On June 4th 1900, the home of Dr. Charles Woodward was completely destroyed by fire. A telegram was sent to the Hightstown Fire Co., for help. They loaded a horse drawn steam engine and hose on a flat car, sending it via railroad to New Egypt, but it arrived too late. Conversations turned to serious discussions and as a result on August 1st 1901, the New Egypt Volunteer Fire Company was officially organized.

The New Egypt Volunteer Fire Company was organized in August 1901. Why then? On June 4, 1900 the home of Dr. Woodward on Railroad Avenue (now is Evergreen Road) burned. The large house next door, 18 Evergreen Road, was the home of Senator, George L. Shinn. The town at that time was protected from fire by a "Bucket Brigade". The buckets were stored in a barn behind 35 Main Street. The towns-people would line up with the buckets from a pump to the fire and throw buckets of water on it until it was out. This fire was so intense, it was feared that Senator Shinn might lose his house also. A telegraph was sent to Hightstown for a "steam pumper". It was put on a railroad car. A team of horses met the engine at the Railroad Ave. train station and took it to the fire. Meanwhile wet blankets were hung on Senator Shinn's house for protection and the Fire Brigade started throwing water on them to save the house.

On August 1, 1901 a group of men met at the Francis R. Hope hardware store (25 Main St.), and organized the Fire Company. Elected officers are listed in another section. Things happened quickly. On the 15th of August it was voted to purchase a Fire Apparatus from the Lakewood Fire Co. for a price not to exceed $175. To raise money to help pay for it a dinner and dance was held on August 23 and a profit of $64.60 was made. The committee reported that they purchased the truck for $150. In September a committee was appointed to go to Trenton and buy a fire engine for no more than $500. Mrs. Meirs donated the timber for the firehouse and Senator Shinn donated the property where the firehouse was built (22-24 Evergreen Road). The firemen and other volunteers cut down the trees, took them to a sawmill, and had them cut into lumber to build the firehouse. The original building is the center section of the old firehouse. By March the firehouse was built and W. C. Van Horn took a team of horses to Lakewood to bring the truck home. The truck, a hook and ladder, carried ladders, hooks, and buckets. Nothing more is mentioned about the fire engine from Trenton.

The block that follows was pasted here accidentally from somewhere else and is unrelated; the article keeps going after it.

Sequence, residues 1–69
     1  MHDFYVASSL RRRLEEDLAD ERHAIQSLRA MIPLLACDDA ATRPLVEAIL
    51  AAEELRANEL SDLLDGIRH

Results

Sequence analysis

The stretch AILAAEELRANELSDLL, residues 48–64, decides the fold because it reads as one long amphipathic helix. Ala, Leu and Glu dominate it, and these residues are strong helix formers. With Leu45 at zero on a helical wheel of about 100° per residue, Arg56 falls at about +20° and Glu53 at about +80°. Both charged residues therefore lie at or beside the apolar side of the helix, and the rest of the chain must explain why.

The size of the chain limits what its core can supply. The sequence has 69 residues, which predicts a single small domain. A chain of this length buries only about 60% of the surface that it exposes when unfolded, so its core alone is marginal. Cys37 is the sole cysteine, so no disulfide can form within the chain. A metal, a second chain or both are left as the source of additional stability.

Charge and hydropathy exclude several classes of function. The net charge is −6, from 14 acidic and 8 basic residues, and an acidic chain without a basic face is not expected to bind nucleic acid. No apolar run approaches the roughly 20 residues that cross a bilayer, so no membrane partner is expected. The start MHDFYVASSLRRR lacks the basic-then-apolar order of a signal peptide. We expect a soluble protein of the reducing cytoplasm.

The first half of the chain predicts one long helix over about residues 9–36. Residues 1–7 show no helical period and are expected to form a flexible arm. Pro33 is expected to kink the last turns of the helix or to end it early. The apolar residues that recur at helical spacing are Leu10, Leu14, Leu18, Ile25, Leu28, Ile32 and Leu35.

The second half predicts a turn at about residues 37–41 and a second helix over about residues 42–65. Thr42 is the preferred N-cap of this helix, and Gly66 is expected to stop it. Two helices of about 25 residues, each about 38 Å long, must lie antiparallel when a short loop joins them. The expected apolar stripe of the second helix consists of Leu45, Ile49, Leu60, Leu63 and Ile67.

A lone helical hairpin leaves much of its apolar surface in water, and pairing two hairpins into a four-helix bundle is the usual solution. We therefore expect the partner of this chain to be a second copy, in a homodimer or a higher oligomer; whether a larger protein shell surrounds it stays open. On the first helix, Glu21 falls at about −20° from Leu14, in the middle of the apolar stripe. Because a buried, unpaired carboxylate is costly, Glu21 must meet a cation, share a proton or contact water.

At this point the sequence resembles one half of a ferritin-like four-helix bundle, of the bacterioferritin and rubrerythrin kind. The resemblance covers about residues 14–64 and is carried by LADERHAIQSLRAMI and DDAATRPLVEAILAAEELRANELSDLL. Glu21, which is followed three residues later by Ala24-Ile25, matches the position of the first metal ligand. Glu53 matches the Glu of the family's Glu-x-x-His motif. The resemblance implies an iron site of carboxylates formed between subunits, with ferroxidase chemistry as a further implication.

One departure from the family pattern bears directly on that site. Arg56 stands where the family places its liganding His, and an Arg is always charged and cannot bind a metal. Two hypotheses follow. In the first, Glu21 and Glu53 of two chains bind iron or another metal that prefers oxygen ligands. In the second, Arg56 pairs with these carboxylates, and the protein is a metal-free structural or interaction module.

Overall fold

The first oyster dinner was held on New Year's Eve in 1902. A gun was raffled at this time. The oyster dinner receipts were $14.87 and the gun $37.80. The dinner was held at the Odd Fellow's Hall (now the Baptist Church on Magnolia Ave.).

In 1903 a chemical engine was ordered. A hose cart was bought for $75. Fire alarms were placed around the town. The alarms were made of "shoes" from locomotive wheels. They were hung on a bar between two posts and hit with an iron hammer. People living near the alarms would sound the alarm in their section as they heard the alarms from other sections, thus alerting people through the whole town of a fire. The hammers apparently grew "legs", as it is mentioned throughout the early minutes of having new hammers made.

The Firemen's Relief Association was organized in August 15, 1902 (the officers are listed in the minutes). In 1903 a Chemical Engine was put into service.

The firemen worked hard to keep the Fire Co. going. A dinner would be proposed and within a month the dinner would be held and a shotgun raffled. (Today it would take that long to get a committee to meet.) Lake carnivals were popular and the firemen would set up chairs along the lake and rent them. Donkey baseball games, minstrel shows, and shooting matches were also ways in which money was raised.

In 1906 the firemen felt it necessary to add an additional bay to the firehouse. This was erected on the south side of the original building. Professor Stevens gave the trees to the Fire Co. to make the lumber. Firemen and other volunteers cut down the trees, hauled the logs to the sawmill, and then built the addition. In 1908 a belfry was built on the firehouse and a bell placed in it. This would sound to summon the firemen to meetings.